For the final episode of our 3 part series on democracy and technology, I am bringing you a conversation with Professor Chimène Keitner on cyber interference in democratic elections, and international law. We talk about the challenges and shortcomings of international legal structures in recognizing and responding to cyber interference in democratic processes, we discuss the way that democracies are made vulnerable by digital products, and Chimène explains what happened in the infamous Russian interference into 2016 election–and what might be in store for our democratic process as we approach the deeply consequential 2024 US Presidential election.
Professor Chimène Keitner is the Alfred and Hanna Fromm Professor of International Law at UC Hastings, where she teaches courses on International Law; on Democracy, Technology and Security; and on legal approaches to Evidence, among many other topics. She is a leading authority on international law and civil litigation, and served as the 27th Counselor on International Law in the U.S. Department of State. She holds a bachelor’s degree in history and literature with high honors from Harvard, a JD from Yale, where she was a Paul & Daisy Soros Fellow, and a doctorate in international relations from Oxford, where she was a Rhodes Scholar.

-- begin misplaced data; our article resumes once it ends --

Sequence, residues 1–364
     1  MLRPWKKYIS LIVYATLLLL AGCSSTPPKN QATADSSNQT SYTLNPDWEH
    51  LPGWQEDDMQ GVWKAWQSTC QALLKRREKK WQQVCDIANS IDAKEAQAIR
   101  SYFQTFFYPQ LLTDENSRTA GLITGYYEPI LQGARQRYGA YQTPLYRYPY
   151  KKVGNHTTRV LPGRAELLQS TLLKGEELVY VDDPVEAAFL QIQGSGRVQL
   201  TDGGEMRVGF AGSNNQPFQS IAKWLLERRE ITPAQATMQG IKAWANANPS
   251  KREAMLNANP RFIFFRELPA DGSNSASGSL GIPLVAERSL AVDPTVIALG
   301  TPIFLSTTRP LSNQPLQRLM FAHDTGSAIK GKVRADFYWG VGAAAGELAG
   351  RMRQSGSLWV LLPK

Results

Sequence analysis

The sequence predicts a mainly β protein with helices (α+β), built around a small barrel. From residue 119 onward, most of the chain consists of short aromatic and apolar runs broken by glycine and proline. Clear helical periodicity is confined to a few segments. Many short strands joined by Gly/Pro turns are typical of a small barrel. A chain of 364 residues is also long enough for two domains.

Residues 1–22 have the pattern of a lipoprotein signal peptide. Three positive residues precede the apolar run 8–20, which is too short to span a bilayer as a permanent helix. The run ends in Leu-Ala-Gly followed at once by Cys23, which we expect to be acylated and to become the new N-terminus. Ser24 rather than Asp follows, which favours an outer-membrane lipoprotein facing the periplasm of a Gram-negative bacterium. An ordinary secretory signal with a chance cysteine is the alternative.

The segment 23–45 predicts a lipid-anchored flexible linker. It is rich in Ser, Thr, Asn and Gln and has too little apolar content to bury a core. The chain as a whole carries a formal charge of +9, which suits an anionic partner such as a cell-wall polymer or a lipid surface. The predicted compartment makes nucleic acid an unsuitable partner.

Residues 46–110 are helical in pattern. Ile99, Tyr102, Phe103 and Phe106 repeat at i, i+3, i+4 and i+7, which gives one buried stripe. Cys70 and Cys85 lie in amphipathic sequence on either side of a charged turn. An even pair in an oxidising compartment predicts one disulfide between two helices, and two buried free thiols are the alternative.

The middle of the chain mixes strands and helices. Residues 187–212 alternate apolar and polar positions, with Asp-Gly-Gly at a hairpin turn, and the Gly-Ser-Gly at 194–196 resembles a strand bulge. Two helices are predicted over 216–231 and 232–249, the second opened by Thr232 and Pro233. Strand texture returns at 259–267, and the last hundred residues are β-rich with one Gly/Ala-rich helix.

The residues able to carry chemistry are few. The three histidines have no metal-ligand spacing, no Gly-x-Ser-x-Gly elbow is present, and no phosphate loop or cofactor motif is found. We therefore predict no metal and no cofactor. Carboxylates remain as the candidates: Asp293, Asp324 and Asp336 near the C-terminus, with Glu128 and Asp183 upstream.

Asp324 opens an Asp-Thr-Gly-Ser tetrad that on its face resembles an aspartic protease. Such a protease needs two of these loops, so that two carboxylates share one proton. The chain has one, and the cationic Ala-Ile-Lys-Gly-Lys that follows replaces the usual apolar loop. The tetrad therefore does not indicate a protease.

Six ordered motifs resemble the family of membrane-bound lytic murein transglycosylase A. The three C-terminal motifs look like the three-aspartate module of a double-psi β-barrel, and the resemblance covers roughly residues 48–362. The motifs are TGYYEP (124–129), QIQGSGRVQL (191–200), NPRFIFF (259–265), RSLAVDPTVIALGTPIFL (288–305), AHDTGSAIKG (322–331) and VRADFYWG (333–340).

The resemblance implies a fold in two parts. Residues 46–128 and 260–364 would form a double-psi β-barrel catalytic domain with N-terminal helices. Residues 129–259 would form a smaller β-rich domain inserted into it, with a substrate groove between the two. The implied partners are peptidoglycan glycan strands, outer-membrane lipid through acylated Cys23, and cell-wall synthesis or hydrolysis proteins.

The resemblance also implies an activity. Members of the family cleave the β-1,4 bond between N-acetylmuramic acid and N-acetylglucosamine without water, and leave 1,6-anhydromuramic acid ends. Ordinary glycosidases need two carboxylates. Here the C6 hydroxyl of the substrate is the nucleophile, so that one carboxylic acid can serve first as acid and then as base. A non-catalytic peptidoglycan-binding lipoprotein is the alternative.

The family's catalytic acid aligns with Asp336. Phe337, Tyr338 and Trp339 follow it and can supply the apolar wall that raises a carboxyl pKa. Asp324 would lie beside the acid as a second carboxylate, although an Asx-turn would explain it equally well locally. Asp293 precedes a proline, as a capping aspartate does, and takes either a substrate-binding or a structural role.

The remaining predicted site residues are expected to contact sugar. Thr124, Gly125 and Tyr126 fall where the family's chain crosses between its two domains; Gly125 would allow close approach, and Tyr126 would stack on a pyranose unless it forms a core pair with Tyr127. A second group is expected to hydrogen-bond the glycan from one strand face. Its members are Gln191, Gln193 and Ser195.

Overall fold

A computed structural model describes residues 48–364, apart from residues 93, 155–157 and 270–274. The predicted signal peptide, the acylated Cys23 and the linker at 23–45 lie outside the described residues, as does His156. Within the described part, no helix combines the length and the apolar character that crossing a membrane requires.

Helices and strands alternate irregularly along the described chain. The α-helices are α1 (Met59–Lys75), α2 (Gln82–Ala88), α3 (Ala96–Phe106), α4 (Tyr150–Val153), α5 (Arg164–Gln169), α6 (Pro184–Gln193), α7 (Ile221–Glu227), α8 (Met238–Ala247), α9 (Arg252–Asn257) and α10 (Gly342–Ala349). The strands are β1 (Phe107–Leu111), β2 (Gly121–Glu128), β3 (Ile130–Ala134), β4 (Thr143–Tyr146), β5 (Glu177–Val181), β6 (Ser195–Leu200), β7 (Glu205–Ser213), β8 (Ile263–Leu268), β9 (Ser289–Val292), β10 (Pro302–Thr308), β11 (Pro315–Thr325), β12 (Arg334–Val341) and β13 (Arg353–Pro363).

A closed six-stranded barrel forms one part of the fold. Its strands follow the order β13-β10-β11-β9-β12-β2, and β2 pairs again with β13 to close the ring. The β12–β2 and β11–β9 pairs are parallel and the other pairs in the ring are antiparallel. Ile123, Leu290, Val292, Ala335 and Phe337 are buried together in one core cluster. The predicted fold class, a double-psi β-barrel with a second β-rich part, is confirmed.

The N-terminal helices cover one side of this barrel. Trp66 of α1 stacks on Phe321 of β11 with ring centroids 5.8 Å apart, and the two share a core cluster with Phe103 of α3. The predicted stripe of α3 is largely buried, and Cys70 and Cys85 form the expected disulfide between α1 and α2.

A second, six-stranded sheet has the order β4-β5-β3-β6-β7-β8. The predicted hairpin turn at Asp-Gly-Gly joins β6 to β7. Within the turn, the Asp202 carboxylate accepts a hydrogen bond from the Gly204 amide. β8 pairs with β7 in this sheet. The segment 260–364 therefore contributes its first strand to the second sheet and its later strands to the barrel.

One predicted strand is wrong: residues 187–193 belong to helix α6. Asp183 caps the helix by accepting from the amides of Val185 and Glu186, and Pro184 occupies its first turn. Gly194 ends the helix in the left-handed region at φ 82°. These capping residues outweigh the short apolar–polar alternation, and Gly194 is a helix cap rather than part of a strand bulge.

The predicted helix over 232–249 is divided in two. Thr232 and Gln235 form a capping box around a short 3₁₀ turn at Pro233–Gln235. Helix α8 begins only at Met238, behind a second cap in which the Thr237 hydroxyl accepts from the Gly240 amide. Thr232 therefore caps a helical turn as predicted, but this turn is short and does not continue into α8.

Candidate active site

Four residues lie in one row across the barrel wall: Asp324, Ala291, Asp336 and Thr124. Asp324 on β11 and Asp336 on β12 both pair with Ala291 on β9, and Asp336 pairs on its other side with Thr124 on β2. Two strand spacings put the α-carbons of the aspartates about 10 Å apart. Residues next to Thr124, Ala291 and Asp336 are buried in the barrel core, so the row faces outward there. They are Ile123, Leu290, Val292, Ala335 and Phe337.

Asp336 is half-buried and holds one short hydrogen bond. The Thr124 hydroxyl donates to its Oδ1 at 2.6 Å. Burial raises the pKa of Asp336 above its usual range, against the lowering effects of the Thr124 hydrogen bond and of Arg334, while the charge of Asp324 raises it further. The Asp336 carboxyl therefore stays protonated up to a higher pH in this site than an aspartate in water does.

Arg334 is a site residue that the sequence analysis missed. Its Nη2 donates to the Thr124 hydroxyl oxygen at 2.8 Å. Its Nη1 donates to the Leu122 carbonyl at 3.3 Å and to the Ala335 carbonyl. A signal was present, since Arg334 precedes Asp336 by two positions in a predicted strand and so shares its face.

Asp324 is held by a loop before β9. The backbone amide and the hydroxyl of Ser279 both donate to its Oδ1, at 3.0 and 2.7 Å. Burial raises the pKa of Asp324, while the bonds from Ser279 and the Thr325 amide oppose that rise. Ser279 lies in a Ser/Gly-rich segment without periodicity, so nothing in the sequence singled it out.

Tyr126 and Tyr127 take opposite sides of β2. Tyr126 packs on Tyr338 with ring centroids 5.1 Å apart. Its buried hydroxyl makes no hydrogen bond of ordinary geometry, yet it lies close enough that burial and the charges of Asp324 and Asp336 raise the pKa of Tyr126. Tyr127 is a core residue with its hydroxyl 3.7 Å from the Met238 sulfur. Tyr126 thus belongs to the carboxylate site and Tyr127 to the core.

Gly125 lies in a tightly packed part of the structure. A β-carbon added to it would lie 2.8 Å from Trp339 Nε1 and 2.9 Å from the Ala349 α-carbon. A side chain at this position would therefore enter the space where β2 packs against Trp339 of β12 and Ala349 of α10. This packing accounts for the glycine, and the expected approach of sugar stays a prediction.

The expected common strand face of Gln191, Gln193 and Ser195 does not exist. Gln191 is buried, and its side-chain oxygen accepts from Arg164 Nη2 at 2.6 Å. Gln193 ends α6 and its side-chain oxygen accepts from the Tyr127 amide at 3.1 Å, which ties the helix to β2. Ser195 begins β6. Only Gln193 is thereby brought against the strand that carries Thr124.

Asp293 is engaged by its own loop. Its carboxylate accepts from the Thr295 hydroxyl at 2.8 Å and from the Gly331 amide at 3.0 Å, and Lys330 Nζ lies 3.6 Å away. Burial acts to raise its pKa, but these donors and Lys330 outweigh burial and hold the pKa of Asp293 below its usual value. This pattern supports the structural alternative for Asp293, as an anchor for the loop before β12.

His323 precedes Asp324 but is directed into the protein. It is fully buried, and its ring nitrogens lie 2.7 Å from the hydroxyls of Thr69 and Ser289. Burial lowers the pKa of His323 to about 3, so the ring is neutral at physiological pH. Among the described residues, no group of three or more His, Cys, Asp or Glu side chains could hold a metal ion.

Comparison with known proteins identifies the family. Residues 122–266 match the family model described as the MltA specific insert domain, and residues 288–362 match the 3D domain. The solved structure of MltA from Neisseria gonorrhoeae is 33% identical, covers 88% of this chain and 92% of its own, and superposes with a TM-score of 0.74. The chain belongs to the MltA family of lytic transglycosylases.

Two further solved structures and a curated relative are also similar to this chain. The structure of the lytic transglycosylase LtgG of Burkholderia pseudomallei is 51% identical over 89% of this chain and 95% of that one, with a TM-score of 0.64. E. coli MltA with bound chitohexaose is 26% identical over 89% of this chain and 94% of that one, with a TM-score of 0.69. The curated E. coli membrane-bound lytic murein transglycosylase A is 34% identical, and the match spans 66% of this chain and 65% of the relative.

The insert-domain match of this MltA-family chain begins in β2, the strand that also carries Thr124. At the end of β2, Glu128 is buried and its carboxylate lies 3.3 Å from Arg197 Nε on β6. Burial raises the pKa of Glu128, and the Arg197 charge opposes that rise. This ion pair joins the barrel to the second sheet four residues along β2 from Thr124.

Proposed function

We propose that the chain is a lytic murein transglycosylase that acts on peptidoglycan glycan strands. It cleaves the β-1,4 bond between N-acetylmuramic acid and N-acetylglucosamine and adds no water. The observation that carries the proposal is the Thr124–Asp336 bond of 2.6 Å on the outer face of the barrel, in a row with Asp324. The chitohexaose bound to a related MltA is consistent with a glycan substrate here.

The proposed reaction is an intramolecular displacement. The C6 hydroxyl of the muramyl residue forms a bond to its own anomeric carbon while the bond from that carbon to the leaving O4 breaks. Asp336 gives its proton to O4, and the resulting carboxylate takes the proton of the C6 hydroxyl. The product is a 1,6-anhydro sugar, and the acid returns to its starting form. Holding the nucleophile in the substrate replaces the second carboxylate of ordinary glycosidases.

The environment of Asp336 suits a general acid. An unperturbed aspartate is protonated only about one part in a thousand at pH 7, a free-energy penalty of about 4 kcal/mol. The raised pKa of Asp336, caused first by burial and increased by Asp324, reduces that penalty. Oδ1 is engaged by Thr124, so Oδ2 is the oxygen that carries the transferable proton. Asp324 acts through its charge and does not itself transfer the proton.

She has authored two books and dozens of articles, essays, and book chapters on questions surrounding the relationship among law, communities, and borders, including issues of jurisdiction, extraterritoriality, foreign sovereign and foreign official immunity, and the historical understandings underpinning current practice in these areas.
Professor Keitner has served on the Executive Council of the American Society of International Law and as Co-Chair of the ASIL International Law in Domestic Courts Interest Group. She is a member of the American Law Institute and an Adviser on the ALI’s Fourth Restatement of the Foreign Relations Law of the United States. She is also a founding co-chair of the International Law Association’s Study Group on Individual Responsibility in International Law., and a member of the state department’s advisory committee on international law.
This episode was produced by Matt Perry.
Our head of research is Sakina Nuruddin.
Art by Desi Aleman.